‘Illuminati’ accuser returns to haunt Thailand’s progressive Move Forward Party
Move Forward, Thailand’s second-largest opposition party, has been hit by accusations that could result in its dissolution after less than a year in politics.
Move Forward or Kao Klai is a reincarnation of the now-defunct Future Forward Party, which was dissolved by the charter court in February last year for receiving an illegal loan. Some 50 MPs of the defunct party who were spared a 10-year ban from politics joined Move Forward.
On Tuesday (Feb 2), lawyer Nattaporn Toprayoon filed a complaint with the Election Commission (EC) seeking Move Forward’s dissolution over actions he deems “hostile to a democratic regime with the King as head of state” and “supporting individuals in creating unrest or undermining people’s morality”.
The former adviser to the chief ombudsman claims that Move Forward Party leader Pita Limjaroenrat and his MPs have violated the Political Parties Act by making unacceptable political comments, joining youth-led anti-establishment protests and using their MP status to bail out protesters.
Anti-establishment demonstrators have been protesting on the streets since July last year to demand Prime Minister Prayut Chan-o-cha’s resignation, a more democratic Constitution and reform of the monarchy.
“They [Move Forward] support protesters whose actions violate the Constitution as well as criminal and relevant laws, and also insult the monarchy to incite disorder and damage state property and the country’s economy,” reads the complaint.
Among other alleged violations are the party’s proposal to amend the lese majeste law (Article 112) and its support for the charter-amendment bill proposed by non-governmental organisation iLaw. The rejected bill sought to change the entire Constitution, including the chapter on monarchy which has been left untouched through decades of different Thai charters.
“Such actions by the party would ‘transform and undermine the country’s ruling and political regime’. They also ‘erode and destroy the basic principles of a democratic regime with the King as head of state’,” Nattaporn said, quoting the complaint.
If the EC finds the complaint has grounds, the Constitutional Court will rule whether to dissolve the party.
Nattaporn is no stranger to members of Move Forward. In June 2019, he lodged a complaint with the Constitutional Court, accusing Future Forward of attempting to overthrow “a democratic regime with the King as head of state” and being linked with the Illuminati, a fabled secret society that conspiracy theorists believe seeks world domination. The court dismissed the charges, citing insufficient evidence.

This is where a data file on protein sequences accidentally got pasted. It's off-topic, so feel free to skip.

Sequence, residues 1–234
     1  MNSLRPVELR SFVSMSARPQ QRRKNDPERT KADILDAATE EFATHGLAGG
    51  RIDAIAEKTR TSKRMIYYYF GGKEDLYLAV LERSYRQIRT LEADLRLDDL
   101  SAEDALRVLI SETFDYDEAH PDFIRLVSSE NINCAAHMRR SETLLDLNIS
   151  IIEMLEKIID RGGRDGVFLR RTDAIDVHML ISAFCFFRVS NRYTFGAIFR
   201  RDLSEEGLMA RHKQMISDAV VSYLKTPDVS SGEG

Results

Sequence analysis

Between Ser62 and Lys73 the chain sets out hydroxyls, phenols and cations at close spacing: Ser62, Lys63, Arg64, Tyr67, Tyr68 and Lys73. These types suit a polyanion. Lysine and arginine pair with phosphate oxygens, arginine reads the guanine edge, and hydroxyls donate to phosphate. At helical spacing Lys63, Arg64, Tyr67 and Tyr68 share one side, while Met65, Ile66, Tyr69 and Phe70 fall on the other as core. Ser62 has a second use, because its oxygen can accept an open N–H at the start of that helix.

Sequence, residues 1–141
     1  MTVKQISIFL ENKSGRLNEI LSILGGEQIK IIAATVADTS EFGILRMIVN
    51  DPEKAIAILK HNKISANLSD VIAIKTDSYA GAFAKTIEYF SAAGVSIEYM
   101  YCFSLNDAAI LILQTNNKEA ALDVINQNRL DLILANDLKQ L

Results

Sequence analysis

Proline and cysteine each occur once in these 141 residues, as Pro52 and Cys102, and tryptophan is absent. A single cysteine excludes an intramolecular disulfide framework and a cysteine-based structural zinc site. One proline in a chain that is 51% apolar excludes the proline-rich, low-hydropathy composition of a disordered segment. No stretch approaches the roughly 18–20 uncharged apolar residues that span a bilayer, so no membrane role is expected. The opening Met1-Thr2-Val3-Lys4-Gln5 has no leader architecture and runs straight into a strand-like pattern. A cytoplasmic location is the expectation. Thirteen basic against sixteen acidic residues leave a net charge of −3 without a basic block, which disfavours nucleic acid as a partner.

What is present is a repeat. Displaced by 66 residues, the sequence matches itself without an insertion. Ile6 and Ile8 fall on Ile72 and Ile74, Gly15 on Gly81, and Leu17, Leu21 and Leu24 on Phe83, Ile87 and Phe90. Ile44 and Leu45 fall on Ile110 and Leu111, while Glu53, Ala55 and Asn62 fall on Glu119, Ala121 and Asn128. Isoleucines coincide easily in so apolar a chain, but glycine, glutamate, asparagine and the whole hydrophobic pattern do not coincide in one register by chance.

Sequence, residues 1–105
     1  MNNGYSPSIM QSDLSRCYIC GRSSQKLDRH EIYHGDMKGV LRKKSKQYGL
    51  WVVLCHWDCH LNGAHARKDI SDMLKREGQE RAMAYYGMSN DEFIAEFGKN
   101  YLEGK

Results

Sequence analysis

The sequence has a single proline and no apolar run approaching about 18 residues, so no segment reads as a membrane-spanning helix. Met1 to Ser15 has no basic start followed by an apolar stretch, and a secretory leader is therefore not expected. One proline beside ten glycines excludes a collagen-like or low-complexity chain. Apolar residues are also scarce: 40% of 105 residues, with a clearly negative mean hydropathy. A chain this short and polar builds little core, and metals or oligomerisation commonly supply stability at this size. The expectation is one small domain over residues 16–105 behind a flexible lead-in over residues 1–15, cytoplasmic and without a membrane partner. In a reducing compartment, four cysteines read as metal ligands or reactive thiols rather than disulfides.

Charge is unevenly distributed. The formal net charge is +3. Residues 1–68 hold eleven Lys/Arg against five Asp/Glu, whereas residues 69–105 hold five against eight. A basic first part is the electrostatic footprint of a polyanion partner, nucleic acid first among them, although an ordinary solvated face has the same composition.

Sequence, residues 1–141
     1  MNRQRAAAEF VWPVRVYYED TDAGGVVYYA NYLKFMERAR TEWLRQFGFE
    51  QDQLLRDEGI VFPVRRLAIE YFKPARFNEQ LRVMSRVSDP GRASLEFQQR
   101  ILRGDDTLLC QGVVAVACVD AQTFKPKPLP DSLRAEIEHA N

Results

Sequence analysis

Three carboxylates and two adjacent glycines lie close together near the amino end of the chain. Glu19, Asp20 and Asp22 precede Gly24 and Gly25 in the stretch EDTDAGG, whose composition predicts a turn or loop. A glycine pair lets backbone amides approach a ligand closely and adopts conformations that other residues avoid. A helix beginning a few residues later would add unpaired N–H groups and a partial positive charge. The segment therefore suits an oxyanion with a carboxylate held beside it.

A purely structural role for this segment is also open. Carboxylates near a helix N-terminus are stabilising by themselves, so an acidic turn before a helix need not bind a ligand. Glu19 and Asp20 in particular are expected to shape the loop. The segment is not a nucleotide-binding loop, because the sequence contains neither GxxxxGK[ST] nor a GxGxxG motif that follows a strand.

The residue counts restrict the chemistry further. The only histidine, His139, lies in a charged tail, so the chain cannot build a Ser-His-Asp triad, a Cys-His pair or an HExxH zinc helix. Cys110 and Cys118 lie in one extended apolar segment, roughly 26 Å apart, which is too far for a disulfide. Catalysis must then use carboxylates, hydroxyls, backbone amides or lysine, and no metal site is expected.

In the last censure, the opposition tried to separate the Palang Pracharath Party from its allies, most notably the Bhumjaithai Party. This time, the bloc has been unable to do so for a few reasons.
Move Forward secretary-general Chaitawat Tulathon dismissed the fresh accusations as “totally false”. They were part of a move to crush the now-defunct Future Forward and Move Forward by using the monarchy and independent agencies as weapons to sabotage opponents of Prayut’s regime, he said.
“We will fight till the end to protect the voices and will of voters who chose our party to push for a better future in Thailand,” said Chaitawat. His former Future Forward Party came third in the 2019 election.
Move Forward now plans to file a countersuit, accusing Nattaporn of violating Article 101 of the Political Parties Act by making false allegations against parties.
Party leader Pita said Nattaporn’s complaint was just an effort to shatter his party’s focus and divert attention from the mistakes of Prayut’s regime ahead of this month’s opposition no-confidence motion. The no-confidence censure debate is scheduled for February 16 to 19.
‘No laws broken’
Expert opinion is sceptical the court will accept Nattaporn’s case, citing a lack of evidence that Move Forward has broken any laws.
Yuthaporn Issarachai, a political scientist from Sukhothai Thammathirat Open University, said accusations the party broke the law by seeking bail for protesters or proposing an amendment of the lese majeste law are wide of the mark since these actions are within MPs’ rights.
“Under their power as legislators, MPs can propose an amendment of Article 112. However, if the content of the proposed amendment violates the Constitution, the party risks dissolution,” he added.
By Thai PBS World’s Political Desk